I know a thing or two about dust, sweat, and blood. And while there are always things I can be doing better, I'm down here doing the deeds. I'm backpacking, I'm teaching, I'm swimming, I'm writing, I'm eating, I'm living. I'm doing the damn thing. And while every day is not perfect. Every other day is not perfect. In fact, every day is not perfect. And while all of that is true, every day is a triumph in a way that it wasn't before I had this added responsibility. Like, maybe I ticked nothing off my to-do list today but hey--I kept myself alive for one more day, and that's gotta be worth something, eh Teddy?

Saturday, June 10, 2017

We'll Do It Live!

Please start this entry by googling "Fox news meltdown f it we'll do it live" because it's honestly wonderful. 

And now that you're back, I'll tell you a little story. It's a story about a malfunctioning pancreas, but not the pancreas that you already know about. 

One night a few weeks ago, my current pancreas died. My Omnipod, the one who has been doing the heavy lifting for the past 2.75 years, quietly flickered and buzzed its last buzz. At 6 pm on a Wednesday. 

I had only a moment to feel helpless, before I needed to spring into action. All the things I should have but don't at home--like unexpired long-acting insulin, more than 5 syringes, ANY insulin pens....yeah I had to go about acquiring those like ASAP. My dinner plans? A slice of pizza? Yes that also had to be changed/downgraded to a salad and hardboiled egg. With fruit though because you gotta keep L-I-V-I-N ya know? 

I ran to the pharmacy, I called Omnipod, I called my endo, made all the arrangements I could given that it was after hours and hoped for the best. 

And then it was just me. Me and my ratios and basal rates to calculate, since everything was stored in my pump and all of my notes and printouts from my endo were....well....somewhere in my "important things" drawer. Me and a syringe which I'd previously NEVER EVEN USED BEFORE because I had a pump within 2 months of diagnosis and before that I'd always used pens. 

For the first time in almost 3 years, I was "managing" my diabetes by hand. Going analog. And it was ridiculously, supremely difficult. My basal rates? Obviously not cutting it since the pump is more effective delivery, so I needed wayyyy more than I thought. Rising BG rates? Impossible to know if it's from an underbolus or not enough basal, and no way to do a temp basal increase to try and figure things out. And how long is the long in long-acting anyway?

And did I mention that it hurt? Every bite of food was a shot. Every mistake was a shot. Not just a quick "bloop" on a discreet device. No it was a full on, pull out a syringe, draw up the liquid, find a spot, pinch, shoot, ouch, rinse, repeat type thing. Diabetes is normally exhausting. But this? This was draining. This was a lot to live with. This was intrusive. This was missing work and cancelling a date and taking a lot of long walks and frantic mental calculation and rude stares from people again.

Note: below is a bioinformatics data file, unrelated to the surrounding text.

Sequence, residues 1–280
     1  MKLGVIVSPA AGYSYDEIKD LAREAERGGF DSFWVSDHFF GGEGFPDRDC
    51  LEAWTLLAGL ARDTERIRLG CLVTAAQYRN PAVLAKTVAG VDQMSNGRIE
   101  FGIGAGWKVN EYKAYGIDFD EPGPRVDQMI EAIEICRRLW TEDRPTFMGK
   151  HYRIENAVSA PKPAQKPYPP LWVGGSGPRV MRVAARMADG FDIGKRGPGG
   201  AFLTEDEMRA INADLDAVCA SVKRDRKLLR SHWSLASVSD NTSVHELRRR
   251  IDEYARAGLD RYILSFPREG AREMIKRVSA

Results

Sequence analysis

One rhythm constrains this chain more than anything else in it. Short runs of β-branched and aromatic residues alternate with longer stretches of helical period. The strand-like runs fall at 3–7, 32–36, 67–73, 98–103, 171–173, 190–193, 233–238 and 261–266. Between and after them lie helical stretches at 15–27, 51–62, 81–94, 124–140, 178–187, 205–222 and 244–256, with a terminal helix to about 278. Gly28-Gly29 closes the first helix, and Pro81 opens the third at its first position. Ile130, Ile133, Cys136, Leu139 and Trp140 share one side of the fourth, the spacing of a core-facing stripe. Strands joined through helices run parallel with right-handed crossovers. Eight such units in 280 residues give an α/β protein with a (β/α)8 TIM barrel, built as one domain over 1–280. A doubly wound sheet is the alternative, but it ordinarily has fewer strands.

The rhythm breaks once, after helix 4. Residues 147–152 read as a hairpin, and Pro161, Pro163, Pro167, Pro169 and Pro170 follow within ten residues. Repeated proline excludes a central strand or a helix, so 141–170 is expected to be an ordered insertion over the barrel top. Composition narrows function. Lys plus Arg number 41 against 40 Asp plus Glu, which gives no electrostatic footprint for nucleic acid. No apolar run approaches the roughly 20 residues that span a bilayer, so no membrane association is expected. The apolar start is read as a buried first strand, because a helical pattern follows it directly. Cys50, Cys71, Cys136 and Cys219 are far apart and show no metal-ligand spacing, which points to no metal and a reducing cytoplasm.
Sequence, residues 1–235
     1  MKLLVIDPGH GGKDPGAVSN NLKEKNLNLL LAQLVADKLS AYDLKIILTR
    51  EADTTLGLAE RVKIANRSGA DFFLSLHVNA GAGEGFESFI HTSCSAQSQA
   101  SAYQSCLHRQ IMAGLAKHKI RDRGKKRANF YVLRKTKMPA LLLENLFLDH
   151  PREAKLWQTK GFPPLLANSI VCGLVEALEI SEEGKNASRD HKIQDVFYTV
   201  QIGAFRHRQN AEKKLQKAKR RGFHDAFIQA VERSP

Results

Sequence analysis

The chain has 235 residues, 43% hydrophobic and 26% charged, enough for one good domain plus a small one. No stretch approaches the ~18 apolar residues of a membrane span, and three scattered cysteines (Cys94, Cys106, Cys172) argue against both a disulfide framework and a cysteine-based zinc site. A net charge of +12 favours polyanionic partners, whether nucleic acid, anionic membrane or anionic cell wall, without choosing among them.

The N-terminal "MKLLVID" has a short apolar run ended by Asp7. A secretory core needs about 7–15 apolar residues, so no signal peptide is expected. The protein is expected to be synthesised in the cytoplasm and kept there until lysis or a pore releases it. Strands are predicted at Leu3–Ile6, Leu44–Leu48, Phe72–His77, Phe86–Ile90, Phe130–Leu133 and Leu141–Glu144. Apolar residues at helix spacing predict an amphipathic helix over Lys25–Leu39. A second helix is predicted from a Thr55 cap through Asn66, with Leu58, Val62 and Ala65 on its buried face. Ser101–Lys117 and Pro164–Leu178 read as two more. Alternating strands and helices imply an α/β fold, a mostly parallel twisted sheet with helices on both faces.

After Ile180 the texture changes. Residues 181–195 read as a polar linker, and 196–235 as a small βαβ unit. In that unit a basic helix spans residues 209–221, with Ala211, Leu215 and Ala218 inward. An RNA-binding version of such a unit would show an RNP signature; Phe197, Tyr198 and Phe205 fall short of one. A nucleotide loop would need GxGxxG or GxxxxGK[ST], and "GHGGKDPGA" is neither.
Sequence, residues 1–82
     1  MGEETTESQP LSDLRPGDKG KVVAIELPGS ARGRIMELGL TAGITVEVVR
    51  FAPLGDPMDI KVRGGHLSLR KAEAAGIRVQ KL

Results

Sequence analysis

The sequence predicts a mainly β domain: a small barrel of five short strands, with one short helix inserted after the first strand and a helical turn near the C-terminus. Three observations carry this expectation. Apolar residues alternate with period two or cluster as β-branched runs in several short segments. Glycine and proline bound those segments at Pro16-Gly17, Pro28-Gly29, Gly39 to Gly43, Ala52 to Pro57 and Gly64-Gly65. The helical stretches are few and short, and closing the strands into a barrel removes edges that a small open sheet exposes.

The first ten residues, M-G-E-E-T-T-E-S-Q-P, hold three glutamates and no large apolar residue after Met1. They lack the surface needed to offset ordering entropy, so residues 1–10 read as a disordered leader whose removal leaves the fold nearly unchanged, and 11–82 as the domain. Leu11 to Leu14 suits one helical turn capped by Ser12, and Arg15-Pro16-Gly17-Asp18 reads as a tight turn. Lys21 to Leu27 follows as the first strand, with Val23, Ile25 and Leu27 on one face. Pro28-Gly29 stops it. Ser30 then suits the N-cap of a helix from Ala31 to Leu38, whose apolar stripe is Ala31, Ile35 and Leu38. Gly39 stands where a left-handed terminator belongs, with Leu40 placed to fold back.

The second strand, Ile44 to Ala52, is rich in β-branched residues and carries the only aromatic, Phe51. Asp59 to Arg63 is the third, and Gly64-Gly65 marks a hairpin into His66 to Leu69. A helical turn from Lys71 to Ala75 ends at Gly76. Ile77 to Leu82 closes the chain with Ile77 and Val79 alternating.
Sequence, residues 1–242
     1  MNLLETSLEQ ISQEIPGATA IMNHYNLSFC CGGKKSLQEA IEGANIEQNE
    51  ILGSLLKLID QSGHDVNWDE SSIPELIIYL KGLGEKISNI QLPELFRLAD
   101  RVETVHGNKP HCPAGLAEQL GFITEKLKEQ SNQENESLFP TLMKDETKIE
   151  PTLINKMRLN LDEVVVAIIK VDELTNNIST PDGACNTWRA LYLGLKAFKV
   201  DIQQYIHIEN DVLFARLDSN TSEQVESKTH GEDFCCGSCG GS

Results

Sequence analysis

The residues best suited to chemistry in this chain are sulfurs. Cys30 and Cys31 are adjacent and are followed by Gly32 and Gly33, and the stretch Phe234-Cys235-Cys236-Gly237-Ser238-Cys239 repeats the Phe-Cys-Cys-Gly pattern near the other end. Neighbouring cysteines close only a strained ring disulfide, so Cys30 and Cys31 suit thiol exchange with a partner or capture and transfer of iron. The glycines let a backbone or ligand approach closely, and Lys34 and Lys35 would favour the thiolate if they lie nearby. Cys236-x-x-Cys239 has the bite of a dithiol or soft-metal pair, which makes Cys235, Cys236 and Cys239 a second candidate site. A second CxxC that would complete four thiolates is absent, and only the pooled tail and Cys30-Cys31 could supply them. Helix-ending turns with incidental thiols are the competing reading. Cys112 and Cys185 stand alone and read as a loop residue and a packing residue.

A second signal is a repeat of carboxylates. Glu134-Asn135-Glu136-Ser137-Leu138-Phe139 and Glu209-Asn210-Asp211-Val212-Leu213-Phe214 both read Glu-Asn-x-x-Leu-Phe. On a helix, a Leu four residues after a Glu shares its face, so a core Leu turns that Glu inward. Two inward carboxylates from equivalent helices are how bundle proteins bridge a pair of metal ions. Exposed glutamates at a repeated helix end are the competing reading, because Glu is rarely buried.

And you know what else was hard? Saying goodbye to my PDM. I haven't been able to mail it back yet. I'm weirdly attached I guess. It's been with me since almost my very moment of diagnosis, something I've held onto. It's gone absolutely everywhere with me. I've spent nights curled around it, covered in glucose tab dust and tears of exhaustion. It's seen mountaintops and deserts and oceans and multiple continents. It's seen every meal (ok well most meals). It's the first thing I grab in every fire drill. It's seen me grow a lot and it's not something that's easy for me to let go of I guess. 

Saturday, June 3, 2017

The Weight of Things

Sometimes diabetes can feel very, very heavy.

Sometimes it feels light.

Today I went for a run, a run that I was unsure of, due to IOB and general lowness the past couple of days. But I pulled a temp basal decrease, I drank some coconut water (chocolate only duh!) and I hoped for the best because sometimes that really does happen.

Not this time, though. Halfway through I felt myself dropping, dropping. 54 with an arrow straight down before I could even get out my Dexcom. And I knew I was in for a bad one, after running so hard, and I still had to walk home. I took out my tube of glucose tabs and I held it in my hand and I ate 7 of them and powerwalked as the fog gusted around me.

And I thought to myself that 48g of dextrose was all I had between me and disaster. Rattling gently in a tube as I walked briskly home, looking like any other runner on the street during a cooldown. Except my brain was fog, my cheeks were numb, my eyes were glassy, and it was only muscle memory that guided me back along what felt like the longest mile of my life.

Your life is in your hands, yeah true, but my life today was literally in my hands.

And it felt so, so light. 

Saturday, May 27, 2017


Beep beep beepbeep! Beep beep beepbeep!

The distinctive noise of an Omnipod expiration alarm rings out.

I reach for my bag, weary, ready, alert, alarmed. She reaches for her bag too.

"I thought that was me!" we both say.

We both smile.

A weight lifts off my shoulders. Something that was drudgery is, just for a moment, commuted into something whimsical.

I guess that's the power of community?